Chapter 7 Answers


1. Define birth rate, death rate, emigration rate, and immigration rate. Write an equation to mathematically describe the relationship between these rates and the rate of population change.

Birth rate is live births per 1,000 people in a population in a given year.
Death rate is the number of deaths per 1,000 people in a population in a given year.
Immigration is migration of people into a country or area to take up permanent residence.
Emigration is migration of people out of a country who leave their permanent residence.

(Births + Immigration) – (Deaths + Emigration) = Population Change in a given year

2. Define fertility rate. Describe how fertility rate affects population growth. List at least five factors that affect birth rate and five factors that affect death rate.

Fertility rate is the number of births that occur to an individual woman or in a population. There are two types: replacement-level fertility (number of children a couple must bear to replace themselves) and total fertility rate (the average number of children a woman typically has during her reproductive years.

Birth rate: child labor, cost of raising & educating child, availability of pension system, urbanization, average age of marriage, employment opportunities

Death rate: Food supply, nutrition, medicine, sanitation, hygiene, water supplies.

3. Compare rates of population growth in developed and developing countries. Explain the differences you find. Briefly describe the state of teenage pregnancy in the United States.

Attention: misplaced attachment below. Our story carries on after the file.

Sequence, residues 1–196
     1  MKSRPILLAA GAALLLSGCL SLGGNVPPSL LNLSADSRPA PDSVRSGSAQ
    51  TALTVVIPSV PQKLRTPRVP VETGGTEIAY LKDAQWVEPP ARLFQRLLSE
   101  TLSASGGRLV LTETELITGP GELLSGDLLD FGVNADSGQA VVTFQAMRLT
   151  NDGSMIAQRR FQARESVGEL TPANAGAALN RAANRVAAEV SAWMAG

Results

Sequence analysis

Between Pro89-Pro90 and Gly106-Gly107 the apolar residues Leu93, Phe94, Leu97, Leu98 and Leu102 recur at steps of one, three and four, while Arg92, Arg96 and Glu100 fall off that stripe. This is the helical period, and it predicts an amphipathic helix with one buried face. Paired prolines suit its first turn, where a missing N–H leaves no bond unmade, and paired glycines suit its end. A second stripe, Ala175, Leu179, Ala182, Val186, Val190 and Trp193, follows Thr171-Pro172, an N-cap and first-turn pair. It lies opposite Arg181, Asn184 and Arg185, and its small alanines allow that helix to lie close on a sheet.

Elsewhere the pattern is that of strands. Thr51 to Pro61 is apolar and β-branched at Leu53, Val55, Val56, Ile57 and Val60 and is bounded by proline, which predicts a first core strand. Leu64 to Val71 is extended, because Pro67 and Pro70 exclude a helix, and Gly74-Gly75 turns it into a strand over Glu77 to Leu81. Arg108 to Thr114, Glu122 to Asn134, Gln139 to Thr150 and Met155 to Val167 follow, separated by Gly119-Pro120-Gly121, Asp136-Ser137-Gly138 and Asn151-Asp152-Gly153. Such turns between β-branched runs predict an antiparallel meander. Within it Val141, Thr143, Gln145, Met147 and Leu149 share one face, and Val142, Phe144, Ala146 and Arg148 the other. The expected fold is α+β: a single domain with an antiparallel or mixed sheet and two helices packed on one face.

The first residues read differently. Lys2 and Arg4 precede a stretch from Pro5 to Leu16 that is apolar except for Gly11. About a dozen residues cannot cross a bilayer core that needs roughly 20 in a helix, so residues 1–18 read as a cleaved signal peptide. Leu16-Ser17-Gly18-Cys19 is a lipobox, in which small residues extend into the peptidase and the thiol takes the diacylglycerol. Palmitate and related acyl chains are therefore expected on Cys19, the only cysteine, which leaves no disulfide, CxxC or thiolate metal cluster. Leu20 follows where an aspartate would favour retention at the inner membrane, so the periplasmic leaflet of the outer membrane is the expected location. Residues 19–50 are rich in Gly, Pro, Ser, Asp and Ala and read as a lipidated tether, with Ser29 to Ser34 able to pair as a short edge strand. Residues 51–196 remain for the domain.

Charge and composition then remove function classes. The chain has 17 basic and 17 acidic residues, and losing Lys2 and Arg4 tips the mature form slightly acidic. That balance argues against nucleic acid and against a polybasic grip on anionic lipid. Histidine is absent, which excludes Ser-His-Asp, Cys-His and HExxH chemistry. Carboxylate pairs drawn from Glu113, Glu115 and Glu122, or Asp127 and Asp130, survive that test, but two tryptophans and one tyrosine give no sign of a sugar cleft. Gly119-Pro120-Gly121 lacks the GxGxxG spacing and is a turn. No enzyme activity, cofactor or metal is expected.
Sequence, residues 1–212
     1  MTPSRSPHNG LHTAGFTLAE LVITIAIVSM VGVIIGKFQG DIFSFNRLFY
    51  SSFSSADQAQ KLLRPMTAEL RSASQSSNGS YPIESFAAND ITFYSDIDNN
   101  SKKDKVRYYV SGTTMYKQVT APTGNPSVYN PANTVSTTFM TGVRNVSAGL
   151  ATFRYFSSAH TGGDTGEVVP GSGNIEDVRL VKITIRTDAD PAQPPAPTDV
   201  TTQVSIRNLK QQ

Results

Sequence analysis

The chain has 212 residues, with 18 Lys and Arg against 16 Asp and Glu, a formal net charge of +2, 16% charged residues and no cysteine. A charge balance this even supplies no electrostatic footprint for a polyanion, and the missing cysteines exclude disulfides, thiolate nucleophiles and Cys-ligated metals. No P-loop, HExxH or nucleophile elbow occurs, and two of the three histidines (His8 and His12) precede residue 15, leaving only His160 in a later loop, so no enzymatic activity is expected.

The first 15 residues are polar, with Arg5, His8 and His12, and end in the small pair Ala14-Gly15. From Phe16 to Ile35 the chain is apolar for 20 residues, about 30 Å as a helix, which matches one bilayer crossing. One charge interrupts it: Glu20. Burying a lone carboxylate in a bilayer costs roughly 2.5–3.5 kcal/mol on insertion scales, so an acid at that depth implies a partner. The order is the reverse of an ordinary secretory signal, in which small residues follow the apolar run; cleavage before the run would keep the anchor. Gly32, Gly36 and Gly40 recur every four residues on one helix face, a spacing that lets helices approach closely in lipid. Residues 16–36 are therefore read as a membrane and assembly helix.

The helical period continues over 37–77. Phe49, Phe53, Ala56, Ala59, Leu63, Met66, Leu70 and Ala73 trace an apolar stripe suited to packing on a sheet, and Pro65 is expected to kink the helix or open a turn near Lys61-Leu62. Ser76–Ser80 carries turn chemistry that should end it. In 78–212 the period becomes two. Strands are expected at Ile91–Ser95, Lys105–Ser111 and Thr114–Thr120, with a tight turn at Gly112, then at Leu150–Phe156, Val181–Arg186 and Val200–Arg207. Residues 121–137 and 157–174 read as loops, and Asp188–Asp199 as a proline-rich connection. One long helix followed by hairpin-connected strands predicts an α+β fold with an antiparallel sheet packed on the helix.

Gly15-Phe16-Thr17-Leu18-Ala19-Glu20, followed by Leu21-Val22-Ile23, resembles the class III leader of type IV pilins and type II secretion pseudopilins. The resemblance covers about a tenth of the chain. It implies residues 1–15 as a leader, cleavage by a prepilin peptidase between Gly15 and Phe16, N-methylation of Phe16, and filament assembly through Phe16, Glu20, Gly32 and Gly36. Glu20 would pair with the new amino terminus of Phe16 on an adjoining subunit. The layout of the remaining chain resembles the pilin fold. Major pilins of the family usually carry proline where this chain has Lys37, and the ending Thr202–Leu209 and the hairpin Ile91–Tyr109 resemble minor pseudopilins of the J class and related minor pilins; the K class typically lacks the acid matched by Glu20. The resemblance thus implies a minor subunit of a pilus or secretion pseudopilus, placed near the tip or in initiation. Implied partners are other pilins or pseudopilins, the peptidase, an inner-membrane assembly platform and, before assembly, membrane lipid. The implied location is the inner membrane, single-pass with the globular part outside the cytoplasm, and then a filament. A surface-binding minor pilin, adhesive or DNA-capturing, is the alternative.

Developing countries have higher rates of population growth due to lack in birth control and the need for children for labor, as well as for them to take care of them when they grow old. Developed countries tend to face lower growth rates and have more stable populations with better education and available birth control. In the United States, teenage pregnancy is on the decline, over the last several years.

4. Using population age structure diagrams, explain how the age structure of a country creates population growth momentum. Summarize social impacts resulting from declining populations.

The trends shown in the pre-productive, reproductive, and post-reproductive categories determines rapid, slow, zero, and negative population growth rates.

From declining population can cause severe social and economic problems, labor, and social security problems.

5. List five approaches to slowing human population growth. List the four stages of the demographic transition. Briefly describe the controversies that surround controlling population size through controlling migration and family planning.

1. Women Education 2. Family Planning 3. Improved health care 4. Reduce poverty 5. Empowering Women

Demographic transitions 1. Pre-industrial 2. Transitional 3. Industrial 4. Post industrial

The controversies that surround the decreasing of population size is that most developing countries use the children as workers, and need them to take care of them when they are older. Many countries don’t approve many immigrants a year so it hard for people to get to other countries.

6. Summarize India and China’s experiences. Describe the three major shifts in population distribution in U.S. History

India: Poor family planning of family planning programs, Bureaucratic inefficiency, low status of women, extreme poverty

China: Economic incentives, free medical care for participants, gender imbalance, and preferential treatment for participants, free sterilization for people,

The three major shifts in U.S. history is people migrated from rural areas to large central cities. Second are many people migrating from large central cities to suburbs and smaller cities. Third many people migrated from the North and East to the South and West. The last one is some people have migrated from urban and suburban areas back to rural areas.